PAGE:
Last week, at the end of a post, I suggested that the question: What five things about you most contribute to your self-identity? would be far more useful in ensuring diversity than the pat and pre-determined ethnic-racial classifications used today. I promised to make an effort to answer that question myself, so here goes, in no particular order.
**First, a disclaimer: I have no intention to judge others in what follows, but merely to state things from my own perspective, listing and explaining what goes into making me, me.**
1) Being a secular Jew in America. I identify with the culture of Judaism, which should be evident in some of what follows. But, I confess that part of being a Jew in America is not being a Christian. It is being a hidden minority, suffering through near constant reminders that I am not a part of the dominant culture of my society. Everytime some stranger wishes me "Merry Christmas" of "Happy Easter" their assumption that I am Christian like them is a jab to the ribs, an unintended finger pointed in my face, shouting, "Damn it, you don't belong here! You're not one of us, don't you understand that?" It were as if a public holiday celebrated the joys of being white, and no one suspected that I was merely passing for white. No, I realize, those are not the intentions of members of the dominant Christian culture. There is no explicit desire for the most part to render non-Christians an underclass. But the reminders are there in so much of our lives, St. Valentine's day, All Hollow's Eve... even if these celebrations bear the indelible mark of being coopted from pre-existing Pagan ritual, they are not part of the culture I identify with.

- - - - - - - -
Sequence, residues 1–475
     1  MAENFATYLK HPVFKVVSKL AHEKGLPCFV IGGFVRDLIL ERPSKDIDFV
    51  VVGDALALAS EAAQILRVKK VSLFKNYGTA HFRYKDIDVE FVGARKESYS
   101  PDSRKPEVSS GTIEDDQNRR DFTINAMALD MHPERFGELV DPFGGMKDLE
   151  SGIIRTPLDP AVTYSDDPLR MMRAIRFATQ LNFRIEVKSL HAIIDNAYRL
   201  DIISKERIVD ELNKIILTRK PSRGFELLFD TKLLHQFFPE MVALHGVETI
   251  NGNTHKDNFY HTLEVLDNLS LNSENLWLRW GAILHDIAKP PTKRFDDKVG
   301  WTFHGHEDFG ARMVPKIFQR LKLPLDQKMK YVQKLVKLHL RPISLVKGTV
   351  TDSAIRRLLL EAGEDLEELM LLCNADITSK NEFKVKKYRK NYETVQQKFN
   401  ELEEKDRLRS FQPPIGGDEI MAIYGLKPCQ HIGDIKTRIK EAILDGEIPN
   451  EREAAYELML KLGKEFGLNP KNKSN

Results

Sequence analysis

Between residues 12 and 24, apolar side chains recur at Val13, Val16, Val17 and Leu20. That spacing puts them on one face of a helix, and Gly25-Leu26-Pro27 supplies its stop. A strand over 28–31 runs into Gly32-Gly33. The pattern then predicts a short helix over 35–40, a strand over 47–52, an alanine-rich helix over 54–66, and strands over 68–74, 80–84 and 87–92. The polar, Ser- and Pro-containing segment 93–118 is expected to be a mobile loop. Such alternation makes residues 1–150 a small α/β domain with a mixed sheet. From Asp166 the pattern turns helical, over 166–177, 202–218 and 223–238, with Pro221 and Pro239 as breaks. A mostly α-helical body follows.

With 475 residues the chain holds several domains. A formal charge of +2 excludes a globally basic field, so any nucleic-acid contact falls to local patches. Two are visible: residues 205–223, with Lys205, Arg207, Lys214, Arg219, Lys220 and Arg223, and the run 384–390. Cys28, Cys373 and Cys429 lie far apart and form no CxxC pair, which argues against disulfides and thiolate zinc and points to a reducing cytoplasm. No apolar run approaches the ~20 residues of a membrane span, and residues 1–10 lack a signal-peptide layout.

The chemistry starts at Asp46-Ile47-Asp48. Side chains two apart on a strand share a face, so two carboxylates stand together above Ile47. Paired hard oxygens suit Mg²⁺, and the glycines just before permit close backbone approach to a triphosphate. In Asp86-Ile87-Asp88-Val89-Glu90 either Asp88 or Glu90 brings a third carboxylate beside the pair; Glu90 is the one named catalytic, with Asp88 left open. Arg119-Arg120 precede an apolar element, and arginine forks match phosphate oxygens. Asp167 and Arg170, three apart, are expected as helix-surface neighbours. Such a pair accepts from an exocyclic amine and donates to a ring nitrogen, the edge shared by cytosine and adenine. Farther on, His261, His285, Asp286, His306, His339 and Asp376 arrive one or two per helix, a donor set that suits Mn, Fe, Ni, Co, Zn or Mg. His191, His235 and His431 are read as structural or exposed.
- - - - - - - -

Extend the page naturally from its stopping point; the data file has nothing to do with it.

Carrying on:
2) A belief that I am responsible to make the world a better place. In Jewish culture, there is the principle of tikkun olam ("heal the world"). It is a duty, a responsibility. If the world suffers, I suffer. I have a deep-seated empathy for the suffering of others. Sometimes, this empathy is debilitating. I have to steel myself against that, for I realize my power in the world is limited. I can not stop tsunamis and earthquakes; I can not hold inflamed radicals or headstrong politicians in my arms, and through sheer force of will, convince them that killing is no solution. But this is a responsibility I take seriously, which plays a role in every major life decision I make.
3) Self-reliance. I pride myself on being able to take care of most of my needs, and those of my family. Some ways this is silly, but I prefer to cook my pasta sauce and make my salad dressings from scratch, because I can. There are times that I have come to accept it makes more sense to have others do things for me, if they are better trained, or better equipped to accomplish a task than I. But I feel it is always a choice. I have worked hard to obtain a degree of financial freedom, because self-reliance dictates that we have the freedom to make radically different choices at just about any time. Not being tied down by debt is one of the most important factors permitting this.
4) A strong appreciation for the difference between knowledge and belief. I hold equal disdain for true believers of any stripe, whether they worship a god, or money, or beauty, or the "scientific method," or evolution. By true believers I mean anyone who thinks all questions have already been answered, who refer to whatever it is they believe in as the fount of all knowledge. There is nothing wrong with belief. In itself, belief is neutral. What we do with that belief is what makes it beneficial or dangerous.
5) A love for words and languages. This may seem out of place in the context of the other four. But, it is a major factor in my self-identity. I recognize that language is perhaps the most powerful tool that distinguishes humanity from the rest of the animal kingdom. I honestly believe that all languages are exquisitely gorgeous.